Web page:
Image above: Planet image of Walnut Creek Watershed in North Carolina taken April 25, 2022. © 2022, Planet Labs PBC. All Rights Reserved.
As more people move to cities, managers are having to think about ways to ensure urban sustainability. Water systems, in particular, can be dramatically impacted in the wake of rapid urbanization as topographic changes can alter stream channels, increase flooding, and even contribute to the degradation of water quality. However, decision-makers can now rely on geospatial models with relevant satellite data to help manage safe and sustainable watersheds in these urban areas. With this in mind, scientists from North Carolina State are using PlanetScope data along with insights from Google Earth Engine, and OpenStreetMap to create frameworks with land cover classification that can identify locations of topographic change to help predict future water system changes. These frameworks can help maintain Digital Elevation Models (DEM) over large areas that can identify forestry clearings and new building development near watersheds. Their study focused in particular on the Walnut Creek Watershed in Wake County, North Carolina. Leveraging PlanetScope data, their simulation model showed changes in surface water flow for the area, and overall, they presented a Rapid-DEM framework to prioritize areas of high likelihood of urban topographic change for the future. “We consider this framework a first step in developing a robust, continuous DEM updating system that can be broadly deployed to capture dynamic landscapes beyond urban regions, such as coastal areas affected by storms and sea-level rise,” said the authors.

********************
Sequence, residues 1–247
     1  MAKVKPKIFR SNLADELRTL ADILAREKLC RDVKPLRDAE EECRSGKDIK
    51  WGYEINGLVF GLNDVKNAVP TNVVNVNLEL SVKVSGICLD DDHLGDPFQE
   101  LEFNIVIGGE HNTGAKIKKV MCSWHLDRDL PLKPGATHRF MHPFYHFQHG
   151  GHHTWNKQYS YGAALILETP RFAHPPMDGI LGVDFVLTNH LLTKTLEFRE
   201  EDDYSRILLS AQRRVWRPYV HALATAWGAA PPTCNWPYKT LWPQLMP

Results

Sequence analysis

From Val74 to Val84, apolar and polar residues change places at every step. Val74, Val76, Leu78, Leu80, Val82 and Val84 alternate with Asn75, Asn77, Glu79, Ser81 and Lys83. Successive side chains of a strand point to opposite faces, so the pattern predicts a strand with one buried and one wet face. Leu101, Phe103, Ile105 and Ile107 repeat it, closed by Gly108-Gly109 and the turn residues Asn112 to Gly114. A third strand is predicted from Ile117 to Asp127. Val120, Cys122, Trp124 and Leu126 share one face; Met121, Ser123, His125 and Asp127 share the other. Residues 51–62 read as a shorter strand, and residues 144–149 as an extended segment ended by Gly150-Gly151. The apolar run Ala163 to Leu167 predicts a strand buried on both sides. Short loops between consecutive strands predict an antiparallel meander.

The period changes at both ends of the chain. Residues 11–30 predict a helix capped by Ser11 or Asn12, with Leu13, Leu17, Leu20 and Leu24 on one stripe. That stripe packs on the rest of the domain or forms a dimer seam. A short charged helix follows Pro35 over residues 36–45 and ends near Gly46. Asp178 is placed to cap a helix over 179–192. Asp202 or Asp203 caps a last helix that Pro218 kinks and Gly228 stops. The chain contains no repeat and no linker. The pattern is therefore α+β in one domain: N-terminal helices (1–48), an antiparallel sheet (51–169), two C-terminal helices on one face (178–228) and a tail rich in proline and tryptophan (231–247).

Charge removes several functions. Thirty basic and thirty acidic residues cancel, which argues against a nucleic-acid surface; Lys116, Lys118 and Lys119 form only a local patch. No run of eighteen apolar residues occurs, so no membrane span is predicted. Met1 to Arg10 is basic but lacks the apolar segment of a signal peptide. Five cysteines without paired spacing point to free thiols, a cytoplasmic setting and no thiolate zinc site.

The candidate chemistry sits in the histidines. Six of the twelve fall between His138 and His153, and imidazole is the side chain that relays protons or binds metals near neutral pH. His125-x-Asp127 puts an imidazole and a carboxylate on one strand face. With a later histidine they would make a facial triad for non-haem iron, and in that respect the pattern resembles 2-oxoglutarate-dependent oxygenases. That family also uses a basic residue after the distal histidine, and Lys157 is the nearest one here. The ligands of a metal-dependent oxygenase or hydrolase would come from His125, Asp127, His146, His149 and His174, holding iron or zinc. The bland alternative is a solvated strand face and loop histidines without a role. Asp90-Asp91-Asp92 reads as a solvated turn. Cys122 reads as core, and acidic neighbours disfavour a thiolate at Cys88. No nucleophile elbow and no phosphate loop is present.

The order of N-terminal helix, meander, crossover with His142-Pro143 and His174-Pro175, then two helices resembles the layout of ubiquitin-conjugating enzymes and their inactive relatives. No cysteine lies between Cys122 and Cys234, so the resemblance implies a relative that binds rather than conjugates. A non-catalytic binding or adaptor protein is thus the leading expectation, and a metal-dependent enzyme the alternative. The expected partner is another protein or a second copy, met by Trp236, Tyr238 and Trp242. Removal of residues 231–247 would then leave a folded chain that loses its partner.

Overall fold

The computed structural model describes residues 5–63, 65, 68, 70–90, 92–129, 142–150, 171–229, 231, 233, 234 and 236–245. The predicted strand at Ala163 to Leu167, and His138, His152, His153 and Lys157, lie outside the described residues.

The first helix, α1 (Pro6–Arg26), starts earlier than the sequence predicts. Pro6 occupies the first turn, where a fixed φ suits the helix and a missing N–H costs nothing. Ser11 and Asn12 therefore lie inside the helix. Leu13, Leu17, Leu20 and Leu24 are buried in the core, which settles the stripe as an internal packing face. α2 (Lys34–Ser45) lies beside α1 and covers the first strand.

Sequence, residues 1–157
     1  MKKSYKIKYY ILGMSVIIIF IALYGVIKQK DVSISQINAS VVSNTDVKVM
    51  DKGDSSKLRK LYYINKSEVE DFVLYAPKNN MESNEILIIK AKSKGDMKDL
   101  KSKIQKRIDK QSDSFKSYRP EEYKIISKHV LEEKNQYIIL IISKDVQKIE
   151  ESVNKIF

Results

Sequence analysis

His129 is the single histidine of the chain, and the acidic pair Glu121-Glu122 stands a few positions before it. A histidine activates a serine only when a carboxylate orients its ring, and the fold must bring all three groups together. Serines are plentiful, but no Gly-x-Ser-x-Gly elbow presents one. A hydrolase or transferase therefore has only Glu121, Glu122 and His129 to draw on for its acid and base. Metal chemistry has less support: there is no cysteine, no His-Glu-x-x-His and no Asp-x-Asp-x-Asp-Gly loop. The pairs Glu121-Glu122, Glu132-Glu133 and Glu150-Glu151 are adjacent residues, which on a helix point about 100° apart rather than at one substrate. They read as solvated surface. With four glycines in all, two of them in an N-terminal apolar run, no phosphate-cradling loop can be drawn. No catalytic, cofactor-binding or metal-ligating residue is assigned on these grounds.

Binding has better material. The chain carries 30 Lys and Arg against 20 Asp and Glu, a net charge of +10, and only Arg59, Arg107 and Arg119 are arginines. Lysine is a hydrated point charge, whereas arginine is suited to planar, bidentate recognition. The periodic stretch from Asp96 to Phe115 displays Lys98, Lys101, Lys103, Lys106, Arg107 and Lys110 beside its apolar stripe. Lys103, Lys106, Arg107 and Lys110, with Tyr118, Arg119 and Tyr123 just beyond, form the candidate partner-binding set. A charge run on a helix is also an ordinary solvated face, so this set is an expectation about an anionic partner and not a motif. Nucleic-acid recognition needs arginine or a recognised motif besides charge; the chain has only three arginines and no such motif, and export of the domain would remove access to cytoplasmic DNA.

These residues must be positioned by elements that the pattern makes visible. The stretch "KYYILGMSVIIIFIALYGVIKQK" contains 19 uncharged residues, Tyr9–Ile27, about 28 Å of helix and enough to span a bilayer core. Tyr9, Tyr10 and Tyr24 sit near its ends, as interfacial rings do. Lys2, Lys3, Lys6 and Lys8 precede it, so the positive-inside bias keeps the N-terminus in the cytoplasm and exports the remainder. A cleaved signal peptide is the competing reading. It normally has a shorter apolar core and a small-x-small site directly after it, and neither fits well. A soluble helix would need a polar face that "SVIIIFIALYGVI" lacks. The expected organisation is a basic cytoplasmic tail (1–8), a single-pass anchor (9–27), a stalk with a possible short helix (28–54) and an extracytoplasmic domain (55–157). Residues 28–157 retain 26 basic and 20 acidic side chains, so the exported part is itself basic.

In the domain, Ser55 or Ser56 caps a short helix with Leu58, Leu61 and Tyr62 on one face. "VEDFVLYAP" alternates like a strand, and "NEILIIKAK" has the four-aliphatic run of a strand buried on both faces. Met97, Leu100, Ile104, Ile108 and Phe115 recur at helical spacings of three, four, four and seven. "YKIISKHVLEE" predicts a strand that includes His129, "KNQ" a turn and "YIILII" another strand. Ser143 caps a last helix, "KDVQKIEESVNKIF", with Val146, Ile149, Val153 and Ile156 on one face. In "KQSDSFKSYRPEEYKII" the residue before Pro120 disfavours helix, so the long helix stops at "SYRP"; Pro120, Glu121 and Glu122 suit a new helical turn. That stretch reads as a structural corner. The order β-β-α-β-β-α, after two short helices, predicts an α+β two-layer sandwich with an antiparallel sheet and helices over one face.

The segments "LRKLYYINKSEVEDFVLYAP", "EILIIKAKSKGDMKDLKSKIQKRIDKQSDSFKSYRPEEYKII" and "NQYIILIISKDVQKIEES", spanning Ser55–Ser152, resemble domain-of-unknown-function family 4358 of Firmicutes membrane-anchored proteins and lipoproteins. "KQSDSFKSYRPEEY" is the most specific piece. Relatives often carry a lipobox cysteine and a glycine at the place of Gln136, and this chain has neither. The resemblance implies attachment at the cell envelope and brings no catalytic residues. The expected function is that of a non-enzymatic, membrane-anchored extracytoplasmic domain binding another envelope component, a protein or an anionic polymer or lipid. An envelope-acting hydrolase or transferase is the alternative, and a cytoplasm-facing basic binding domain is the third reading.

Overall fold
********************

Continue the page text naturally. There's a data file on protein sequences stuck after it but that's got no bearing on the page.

The full study can be found in Urban Remote Sensing.